Because Joseph had recently been complaining of a lack of pants that fit him correctly, I made him my menswear client. He chose a fabric, and I drew up a pattern for some durable non-jeans based on a pair he already had that fit him well. I did learn some lessons in construction while making this outfit for him, but more importantly, I learned that there really is a lot to work with design-wise in meanswear. These clothes SEEM boring to those with a background limited to garments for women. The females of our species wear the feathers, so to speak, but the fact that our gender can get away with a lot more color, detail, and flamboyance aesthetically doesn't mean the clothes men wear are boring. They actually have to be meticulously designed with a different goal in mind: utility. The details of a man's garment aren't there to be pretty, they're there to make something durable, to allow movement, to hold keys or wallets. Pockets, for example, usually don't even have to be REAL on women's' clothes- how often do we actually put stuff in them?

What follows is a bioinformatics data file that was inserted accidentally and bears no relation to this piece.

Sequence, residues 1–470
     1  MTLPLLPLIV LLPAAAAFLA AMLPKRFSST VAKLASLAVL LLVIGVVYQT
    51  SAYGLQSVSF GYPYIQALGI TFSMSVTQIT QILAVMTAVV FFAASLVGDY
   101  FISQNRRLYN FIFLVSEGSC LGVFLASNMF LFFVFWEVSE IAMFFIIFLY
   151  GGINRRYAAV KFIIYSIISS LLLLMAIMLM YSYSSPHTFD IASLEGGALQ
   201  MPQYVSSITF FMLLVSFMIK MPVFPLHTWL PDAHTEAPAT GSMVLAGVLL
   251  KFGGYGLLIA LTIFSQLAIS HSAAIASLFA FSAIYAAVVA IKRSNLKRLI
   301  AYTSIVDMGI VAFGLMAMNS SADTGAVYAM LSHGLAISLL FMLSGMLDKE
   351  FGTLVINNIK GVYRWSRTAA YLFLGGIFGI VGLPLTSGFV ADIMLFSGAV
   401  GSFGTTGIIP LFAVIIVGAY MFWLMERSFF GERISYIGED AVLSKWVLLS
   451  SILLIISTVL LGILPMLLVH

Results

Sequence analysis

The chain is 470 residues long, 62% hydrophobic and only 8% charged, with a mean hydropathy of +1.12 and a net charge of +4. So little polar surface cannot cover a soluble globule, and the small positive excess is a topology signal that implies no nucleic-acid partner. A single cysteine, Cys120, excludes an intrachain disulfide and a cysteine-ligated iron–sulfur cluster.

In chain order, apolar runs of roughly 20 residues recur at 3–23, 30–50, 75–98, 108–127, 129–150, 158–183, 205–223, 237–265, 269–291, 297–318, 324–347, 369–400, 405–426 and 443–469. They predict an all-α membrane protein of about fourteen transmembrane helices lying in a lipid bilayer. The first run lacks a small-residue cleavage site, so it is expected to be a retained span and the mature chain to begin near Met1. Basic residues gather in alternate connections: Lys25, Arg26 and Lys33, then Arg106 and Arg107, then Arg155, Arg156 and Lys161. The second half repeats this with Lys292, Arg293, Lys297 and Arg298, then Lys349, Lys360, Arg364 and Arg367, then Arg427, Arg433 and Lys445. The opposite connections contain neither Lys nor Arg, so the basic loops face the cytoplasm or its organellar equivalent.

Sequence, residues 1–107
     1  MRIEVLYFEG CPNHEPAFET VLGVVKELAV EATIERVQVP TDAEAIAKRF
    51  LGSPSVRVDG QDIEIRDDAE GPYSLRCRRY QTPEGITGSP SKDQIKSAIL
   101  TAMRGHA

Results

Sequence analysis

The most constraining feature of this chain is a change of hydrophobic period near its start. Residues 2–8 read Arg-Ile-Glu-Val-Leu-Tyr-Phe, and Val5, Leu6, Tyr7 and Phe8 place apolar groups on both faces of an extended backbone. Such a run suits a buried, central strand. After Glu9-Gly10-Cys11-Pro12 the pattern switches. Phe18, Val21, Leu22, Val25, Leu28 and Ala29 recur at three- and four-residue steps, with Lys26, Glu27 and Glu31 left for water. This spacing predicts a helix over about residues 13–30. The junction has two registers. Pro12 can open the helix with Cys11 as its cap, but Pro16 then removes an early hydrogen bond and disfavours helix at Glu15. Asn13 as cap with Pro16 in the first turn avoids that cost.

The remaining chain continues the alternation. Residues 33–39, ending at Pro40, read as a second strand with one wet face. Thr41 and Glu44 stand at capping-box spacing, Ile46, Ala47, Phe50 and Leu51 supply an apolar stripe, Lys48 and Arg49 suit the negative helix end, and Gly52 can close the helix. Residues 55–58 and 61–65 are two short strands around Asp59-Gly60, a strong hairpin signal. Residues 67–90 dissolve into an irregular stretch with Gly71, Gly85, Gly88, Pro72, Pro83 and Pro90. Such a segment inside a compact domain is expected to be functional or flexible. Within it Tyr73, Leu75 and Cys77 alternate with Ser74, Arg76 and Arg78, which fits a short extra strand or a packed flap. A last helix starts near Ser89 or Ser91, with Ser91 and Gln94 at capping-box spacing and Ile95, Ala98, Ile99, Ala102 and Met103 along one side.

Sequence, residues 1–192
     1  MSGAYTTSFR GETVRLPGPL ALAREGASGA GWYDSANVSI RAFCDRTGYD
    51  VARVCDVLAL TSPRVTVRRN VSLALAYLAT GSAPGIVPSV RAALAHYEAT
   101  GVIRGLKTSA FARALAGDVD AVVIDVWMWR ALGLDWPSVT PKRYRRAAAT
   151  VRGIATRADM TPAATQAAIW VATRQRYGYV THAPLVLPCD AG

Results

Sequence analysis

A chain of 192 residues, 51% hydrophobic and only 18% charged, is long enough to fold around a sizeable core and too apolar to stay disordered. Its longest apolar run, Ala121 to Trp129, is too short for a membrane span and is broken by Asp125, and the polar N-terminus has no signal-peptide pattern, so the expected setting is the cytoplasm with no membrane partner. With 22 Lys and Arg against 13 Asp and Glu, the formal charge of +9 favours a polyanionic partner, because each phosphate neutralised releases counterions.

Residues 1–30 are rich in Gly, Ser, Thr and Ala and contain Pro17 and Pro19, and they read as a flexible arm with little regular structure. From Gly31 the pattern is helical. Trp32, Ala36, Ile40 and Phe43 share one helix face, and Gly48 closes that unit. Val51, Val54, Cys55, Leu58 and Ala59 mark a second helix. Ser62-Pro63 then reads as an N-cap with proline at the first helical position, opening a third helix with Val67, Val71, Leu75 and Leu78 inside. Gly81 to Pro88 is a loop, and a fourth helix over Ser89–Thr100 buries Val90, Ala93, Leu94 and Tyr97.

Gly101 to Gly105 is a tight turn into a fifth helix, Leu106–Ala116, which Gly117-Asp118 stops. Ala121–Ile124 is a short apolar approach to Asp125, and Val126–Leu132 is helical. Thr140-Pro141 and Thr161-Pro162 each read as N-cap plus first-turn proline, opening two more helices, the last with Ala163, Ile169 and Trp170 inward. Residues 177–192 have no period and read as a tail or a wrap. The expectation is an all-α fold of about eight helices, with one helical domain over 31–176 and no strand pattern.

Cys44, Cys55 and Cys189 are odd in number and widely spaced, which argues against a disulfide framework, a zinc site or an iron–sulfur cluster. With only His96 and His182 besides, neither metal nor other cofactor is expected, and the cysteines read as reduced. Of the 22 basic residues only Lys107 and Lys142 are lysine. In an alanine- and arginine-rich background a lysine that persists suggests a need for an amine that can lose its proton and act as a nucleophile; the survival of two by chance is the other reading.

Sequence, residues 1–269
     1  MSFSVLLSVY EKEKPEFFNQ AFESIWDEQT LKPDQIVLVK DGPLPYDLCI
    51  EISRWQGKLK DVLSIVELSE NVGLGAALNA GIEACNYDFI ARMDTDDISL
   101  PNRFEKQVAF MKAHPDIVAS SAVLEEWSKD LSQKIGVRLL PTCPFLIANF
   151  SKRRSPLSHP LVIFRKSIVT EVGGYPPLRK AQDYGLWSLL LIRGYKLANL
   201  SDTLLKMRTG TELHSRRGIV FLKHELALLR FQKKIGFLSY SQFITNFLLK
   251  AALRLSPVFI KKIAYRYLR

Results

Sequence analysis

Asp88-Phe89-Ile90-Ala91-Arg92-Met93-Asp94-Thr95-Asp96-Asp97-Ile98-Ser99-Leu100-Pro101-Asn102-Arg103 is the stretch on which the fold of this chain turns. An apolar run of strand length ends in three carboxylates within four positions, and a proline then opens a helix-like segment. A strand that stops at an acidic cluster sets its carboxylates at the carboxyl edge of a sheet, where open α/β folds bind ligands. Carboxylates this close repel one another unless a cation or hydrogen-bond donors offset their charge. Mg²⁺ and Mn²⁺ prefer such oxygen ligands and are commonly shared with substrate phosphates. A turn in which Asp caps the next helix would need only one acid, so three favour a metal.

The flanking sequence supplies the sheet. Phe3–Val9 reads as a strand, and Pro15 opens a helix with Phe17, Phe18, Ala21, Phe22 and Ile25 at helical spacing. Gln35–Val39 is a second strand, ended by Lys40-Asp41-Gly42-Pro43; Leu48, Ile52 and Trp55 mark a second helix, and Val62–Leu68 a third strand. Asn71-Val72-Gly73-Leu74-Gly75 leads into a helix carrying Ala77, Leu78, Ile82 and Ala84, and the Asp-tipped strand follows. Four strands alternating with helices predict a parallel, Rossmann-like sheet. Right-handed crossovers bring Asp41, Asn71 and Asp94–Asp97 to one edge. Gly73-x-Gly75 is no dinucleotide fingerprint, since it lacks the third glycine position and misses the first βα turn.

Ultimately, I learned a lot from a design perspective while I was working on this project I was dreading. Joseph's pants fit really well, they've got reinforced stitching all over so he can wear them working on landscaping or renovations, and pockets, of course, to hold whatever odds and ends and tools he needs them to. The t-shirt is my creation as well- the fabric is cut on the bias to allow extra movement not at work, rather while he's playing... the drums. The graphic on it is my face! That felt a little vain, but hey, he looks cool.